Millions of years of evolution have resulted in an immense number of different proteins, which participate in virtually every process within cells and thus are of utmost importance for allknown forms of life. In addition, there are several examples of natural proteins which have found use in applications outside their natural environment, such as the use of enzymes infood industry and washing powders or the use of antibodies in diagnostic, bioseparation or therapeutic applications. To improve the performance of proteins in such applications, anumber of techniques, all collectively referred to as ‘protein engineering’, are performed in thelaboratory.Traditionally, methods involving ‘rational design’, where a few alterations are introduced atspecific protein locations to hopefully result in expected improvements have been applied.However, the use of more recent techniques involving a simultaneous construction of a large number of candidate variants (protein libraries) by various diversification principles, fromwhich rare clones showing enhanced properties can be isolated have contributed greatly to thefield of protein engineering.In the present thesis, different protein traits of biotechnological importance have beenaddressed for improvements by the use of such methods, in which there is a crucial need tomaintain a clonal link between the genotype and the phenotype to allow an identification of protein library members isolated by virtue of their functional properties. In all protein library investigations included in this thesis this coupling has been obtained by Escherichia coli bacterialcell-membrane compartmental confinement.In a first study, a combination of error prone PCR and gene-shuffling was applied to the Tobacco Etch Virus (TEV)-protease gene in order to produce collections from which genesencoding variants showing an enhanced soluble expression of the enzyme frequently used inbiotechnology to cleave fusion proteins were identified. Using Green Fluorescence Protein(GFP)-based cell fluorescence analysis, a clone with a five-fold increase in the yield of solubly produced protein was successfully isolated. In a second study, a novel and different GFPbased selection system, in addition also involving targeted in vivo protein degradation principles,was employed for investigations of the substrate sequence space of the same protease. In two additional studies, a selection system denoted Protein Fragment Complementation Assay(PCA), based on the affinity driven structural complementation of a genetically split β-lactamase enzyme was used to identify variants having desired target protein binding abilities,including both specificity and affinity. Using Darwinian principles concerning clonal growth advantages, affibody binding proteins showing sub-nanomolar dissociation constants to thehuman cytokine TNF-α were isolated. Taken together, these studies have shown that the bacterial format is very well suited for use in various aspects of protein library selection.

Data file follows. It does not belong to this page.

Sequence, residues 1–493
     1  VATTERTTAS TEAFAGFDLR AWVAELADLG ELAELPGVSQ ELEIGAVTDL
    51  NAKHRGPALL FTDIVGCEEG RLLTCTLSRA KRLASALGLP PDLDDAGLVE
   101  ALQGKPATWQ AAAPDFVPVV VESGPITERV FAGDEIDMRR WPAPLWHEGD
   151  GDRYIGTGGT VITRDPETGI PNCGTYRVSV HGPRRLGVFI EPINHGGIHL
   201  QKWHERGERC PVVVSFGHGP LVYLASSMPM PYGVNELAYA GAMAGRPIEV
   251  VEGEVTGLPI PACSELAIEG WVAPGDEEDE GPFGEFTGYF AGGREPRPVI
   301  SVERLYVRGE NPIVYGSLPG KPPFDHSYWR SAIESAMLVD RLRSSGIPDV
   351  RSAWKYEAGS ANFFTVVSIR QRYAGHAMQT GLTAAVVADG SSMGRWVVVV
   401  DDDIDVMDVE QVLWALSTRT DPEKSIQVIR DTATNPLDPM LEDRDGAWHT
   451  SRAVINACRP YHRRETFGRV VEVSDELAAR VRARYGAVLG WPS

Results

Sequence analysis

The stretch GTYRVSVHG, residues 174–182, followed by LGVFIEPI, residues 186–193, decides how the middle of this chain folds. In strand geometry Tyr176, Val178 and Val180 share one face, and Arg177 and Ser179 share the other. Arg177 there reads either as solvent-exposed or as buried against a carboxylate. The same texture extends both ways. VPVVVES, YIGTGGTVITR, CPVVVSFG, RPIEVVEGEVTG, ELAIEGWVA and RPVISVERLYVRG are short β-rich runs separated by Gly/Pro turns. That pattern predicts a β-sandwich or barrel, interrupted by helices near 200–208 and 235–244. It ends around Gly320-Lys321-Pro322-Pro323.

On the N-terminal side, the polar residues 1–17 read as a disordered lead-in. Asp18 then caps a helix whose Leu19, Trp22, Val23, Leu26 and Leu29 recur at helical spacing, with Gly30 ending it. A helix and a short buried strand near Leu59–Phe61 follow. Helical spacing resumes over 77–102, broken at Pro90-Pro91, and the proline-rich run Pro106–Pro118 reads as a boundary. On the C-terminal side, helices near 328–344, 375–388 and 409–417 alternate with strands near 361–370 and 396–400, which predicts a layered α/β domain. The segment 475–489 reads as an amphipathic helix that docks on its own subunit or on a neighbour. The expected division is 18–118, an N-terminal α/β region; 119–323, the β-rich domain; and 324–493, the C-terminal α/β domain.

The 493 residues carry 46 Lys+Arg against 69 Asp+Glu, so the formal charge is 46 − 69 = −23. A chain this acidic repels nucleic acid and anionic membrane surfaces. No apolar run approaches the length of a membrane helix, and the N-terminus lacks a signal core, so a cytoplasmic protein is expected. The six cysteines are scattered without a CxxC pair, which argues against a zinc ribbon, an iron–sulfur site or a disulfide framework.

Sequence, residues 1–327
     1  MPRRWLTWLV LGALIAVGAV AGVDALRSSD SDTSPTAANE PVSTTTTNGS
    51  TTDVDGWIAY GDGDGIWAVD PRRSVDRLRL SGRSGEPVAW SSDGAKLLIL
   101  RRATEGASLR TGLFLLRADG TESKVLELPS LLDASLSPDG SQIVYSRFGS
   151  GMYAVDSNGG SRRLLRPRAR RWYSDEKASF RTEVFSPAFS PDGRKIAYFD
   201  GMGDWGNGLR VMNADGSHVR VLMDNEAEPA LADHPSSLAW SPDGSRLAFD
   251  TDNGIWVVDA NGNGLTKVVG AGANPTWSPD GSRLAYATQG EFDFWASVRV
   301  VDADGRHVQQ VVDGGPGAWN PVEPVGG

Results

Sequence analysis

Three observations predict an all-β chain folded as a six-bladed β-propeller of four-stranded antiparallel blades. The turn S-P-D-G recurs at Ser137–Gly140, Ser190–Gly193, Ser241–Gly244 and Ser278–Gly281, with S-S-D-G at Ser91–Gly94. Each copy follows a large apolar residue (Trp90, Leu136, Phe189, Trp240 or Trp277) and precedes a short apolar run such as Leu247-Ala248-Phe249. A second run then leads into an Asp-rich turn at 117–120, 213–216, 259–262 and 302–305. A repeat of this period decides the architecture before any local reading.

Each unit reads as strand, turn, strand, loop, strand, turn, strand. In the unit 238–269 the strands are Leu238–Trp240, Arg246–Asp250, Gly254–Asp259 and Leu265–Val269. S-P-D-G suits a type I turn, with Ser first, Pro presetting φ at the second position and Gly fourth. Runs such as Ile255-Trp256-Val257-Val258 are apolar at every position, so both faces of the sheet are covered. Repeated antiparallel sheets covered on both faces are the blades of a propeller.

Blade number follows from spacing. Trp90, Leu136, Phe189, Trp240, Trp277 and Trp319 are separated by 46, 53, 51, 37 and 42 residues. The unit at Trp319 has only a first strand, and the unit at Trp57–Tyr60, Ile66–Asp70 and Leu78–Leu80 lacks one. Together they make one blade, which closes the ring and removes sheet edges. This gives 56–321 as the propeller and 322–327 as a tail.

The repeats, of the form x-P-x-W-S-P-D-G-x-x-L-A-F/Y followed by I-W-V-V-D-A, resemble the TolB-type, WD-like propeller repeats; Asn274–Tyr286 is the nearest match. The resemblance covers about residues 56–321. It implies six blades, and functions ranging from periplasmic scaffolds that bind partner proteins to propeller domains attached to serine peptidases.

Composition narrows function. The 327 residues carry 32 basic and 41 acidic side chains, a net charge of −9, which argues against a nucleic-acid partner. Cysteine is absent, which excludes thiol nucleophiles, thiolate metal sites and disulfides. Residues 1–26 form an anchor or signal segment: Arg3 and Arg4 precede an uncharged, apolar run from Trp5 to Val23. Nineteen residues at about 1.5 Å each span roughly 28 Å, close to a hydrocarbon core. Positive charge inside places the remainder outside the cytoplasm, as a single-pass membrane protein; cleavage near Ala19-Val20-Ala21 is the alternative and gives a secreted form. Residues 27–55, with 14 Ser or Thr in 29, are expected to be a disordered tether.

Place, publisher, year, edition, pages
Stockholm: KTH, 2009. xii,102 p.
Trita-BIO-Report, ISSN 1654-2312 ; 2009: 12
Affibody molecule, β-lactamase, combinatorial library, green fluorescent protein (GFP), protein engineering, protein fragment complementation assay (PCA), selection, TEVprotease, TNF-α
National Category
Industrial Biotechnology Biocatalysis and Enzyme Technology
urn:nbn:se:kth:diva-10993 (URN)978-91-7415-400-9 (ISBN)
Public defence
2009-09-25, AlbaNova Room FA 32, Roslagstullsbacken 21, Stockholm, 10:00 (Swedish)
QC 20100729Available from: 2009-09-08 Created: 2009-09-02 Last updated: 2011-12-08Bibliographically approved